Last Friday, the Montreal Gazette reported on a 2011 incident in which three McGill students were accused of an alleged sexual assault on a former Concordia student. The three men—who were arrested in April 2012—are McGill Redmen football players and have continued to play for the squad in the two seasons since their arrest. They are scheduled to appear before a Quebec court for a preliminary hearing next month.
Although the specifics of the incident will not be revealed until the trial unfolds, there are serious questions that need to be asked about how McGill handled this incident over the past two years. (See: “McGill students’ criminal case draws attention to disciplinary procedures“) The limitations of the current institutional framework appear to be the main factor in McGill’s evasive response to the alleged incident, including the decision to allow these athletes to continue to play.
Currently, McGill student misconduct is assessed through the Code of Student Conduct, which determines academic sanctions for violations of rights and responsibilities.
McGill Athletics is another matter. The official rules governing varsity athletes do not extend far beyond the general Code of Conduct, aside from a few stipulations in the “Guide to Varsity Sports for Student-Athletes,” which seek to address issues including performance enhancing drugs, hazing, and conduct on the field.
McGill Athletics has a disciplinary officer who deals with athlete misconduct. Whether this person ever addressed this specific case remains unclear, but interviews suggest that, because the alleged incident did not occur on McGill campus or during McGill-related activities, it would not rest under the university’s jurisdiction to respond. Rather, the burden would fall on the police to investigate the situation.
We believe that this is a flawed system. Other universities, such as Bishop’s University and the University of Winnipeg, have provisions for their student athletes which stipulate that they will be held responsible for criminal misconduct regardless of whether it happens on or off campus or in university activities. Adopting such a measure would ensure that McGill has a framework to handle these situations and can hold students who represent the university to a higher standard. It would also bring the athletics program in line with the policies of many NCAA teams when their student athletes face arrest.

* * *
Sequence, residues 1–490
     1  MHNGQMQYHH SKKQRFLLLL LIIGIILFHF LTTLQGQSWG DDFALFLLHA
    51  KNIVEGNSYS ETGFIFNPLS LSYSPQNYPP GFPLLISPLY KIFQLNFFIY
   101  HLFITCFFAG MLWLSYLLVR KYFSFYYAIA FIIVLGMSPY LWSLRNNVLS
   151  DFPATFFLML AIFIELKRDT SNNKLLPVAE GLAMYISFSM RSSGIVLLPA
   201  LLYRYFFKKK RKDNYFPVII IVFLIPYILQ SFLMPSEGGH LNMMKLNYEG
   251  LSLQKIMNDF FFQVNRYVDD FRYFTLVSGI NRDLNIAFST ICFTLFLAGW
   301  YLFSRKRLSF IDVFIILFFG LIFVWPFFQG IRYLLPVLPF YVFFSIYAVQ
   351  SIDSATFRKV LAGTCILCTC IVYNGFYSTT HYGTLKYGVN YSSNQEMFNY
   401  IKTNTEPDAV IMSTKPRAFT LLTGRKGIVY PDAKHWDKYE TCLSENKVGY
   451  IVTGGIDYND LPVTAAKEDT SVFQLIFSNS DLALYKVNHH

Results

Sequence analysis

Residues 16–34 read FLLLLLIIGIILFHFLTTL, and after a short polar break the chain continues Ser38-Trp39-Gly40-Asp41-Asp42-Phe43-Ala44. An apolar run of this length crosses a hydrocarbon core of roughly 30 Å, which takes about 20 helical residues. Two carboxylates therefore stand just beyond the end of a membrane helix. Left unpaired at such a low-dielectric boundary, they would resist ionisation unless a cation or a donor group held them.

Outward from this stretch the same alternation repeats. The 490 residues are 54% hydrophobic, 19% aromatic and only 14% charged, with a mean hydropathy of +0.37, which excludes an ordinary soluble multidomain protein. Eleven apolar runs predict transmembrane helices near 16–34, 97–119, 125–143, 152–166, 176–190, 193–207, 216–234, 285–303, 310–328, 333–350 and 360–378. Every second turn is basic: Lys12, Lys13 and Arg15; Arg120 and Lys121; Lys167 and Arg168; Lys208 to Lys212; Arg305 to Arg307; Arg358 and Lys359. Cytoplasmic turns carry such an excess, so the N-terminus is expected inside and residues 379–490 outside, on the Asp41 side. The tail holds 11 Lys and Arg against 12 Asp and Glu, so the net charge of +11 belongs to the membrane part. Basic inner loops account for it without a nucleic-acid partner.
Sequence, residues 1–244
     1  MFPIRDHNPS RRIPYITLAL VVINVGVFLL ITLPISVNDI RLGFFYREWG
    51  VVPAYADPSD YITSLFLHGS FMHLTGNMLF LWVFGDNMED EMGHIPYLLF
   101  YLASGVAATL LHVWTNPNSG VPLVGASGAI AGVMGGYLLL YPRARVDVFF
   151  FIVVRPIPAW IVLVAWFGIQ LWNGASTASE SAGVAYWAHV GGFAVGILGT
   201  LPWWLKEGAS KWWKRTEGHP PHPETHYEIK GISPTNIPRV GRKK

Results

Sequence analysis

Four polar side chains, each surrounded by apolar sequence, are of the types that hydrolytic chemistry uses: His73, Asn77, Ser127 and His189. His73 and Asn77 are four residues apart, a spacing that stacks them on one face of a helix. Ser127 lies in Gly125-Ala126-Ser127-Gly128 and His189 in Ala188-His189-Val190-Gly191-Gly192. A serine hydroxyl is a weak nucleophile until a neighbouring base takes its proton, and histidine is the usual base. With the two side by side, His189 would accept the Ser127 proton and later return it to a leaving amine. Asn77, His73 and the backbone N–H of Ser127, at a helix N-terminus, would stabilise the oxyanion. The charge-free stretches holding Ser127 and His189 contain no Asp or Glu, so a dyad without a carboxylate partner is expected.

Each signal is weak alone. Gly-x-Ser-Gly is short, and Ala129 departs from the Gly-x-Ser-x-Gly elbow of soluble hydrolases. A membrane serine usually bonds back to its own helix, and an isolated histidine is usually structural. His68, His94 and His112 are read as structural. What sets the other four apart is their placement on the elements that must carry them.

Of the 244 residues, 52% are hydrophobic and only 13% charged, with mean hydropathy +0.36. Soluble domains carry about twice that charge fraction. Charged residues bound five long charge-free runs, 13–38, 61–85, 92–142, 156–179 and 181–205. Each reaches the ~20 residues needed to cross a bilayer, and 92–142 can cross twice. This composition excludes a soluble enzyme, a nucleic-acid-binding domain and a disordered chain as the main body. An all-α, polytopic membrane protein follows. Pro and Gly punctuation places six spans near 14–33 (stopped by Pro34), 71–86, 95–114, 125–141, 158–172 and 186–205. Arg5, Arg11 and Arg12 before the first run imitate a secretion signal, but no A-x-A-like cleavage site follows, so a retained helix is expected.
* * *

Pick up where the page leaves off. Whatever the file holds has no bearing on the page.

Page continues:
Apart from the framework, there are unofficial disciplinary measures available. Even if a player is on the roster, a program has no obligation to allow that student athlete to compete. The football program should have acted on knowledge of the arrest and instituted administrative sanctions, suspending the players from any involvement on the team until the case was resolved. This is not a judgment on the innocence or guilt of the players; it serves as a demonstration that McGill Athletics takes criminal allegations very seriously.
Varsity athletes are chosen to represent McGill wherever they are, and as such, should be held to the highest standards of conduct. Regardless of the outcome of the criminal trial, the university’s inaction only contributes to the devastating culture of silence that survivors of sexual assault already face.
While there is still much to come to light here about the case, establishing measures for the future is one decisive step McGill can take.
McGill demonstrated its ability to amend its policies following a similar situation involving its student athletes, namely the football team hazing incident in 2005. In response to the controversy, McGill created new policies to maintain and promote the integrity of its athletics program. We believe that this is a valuable opportunity to do so once again.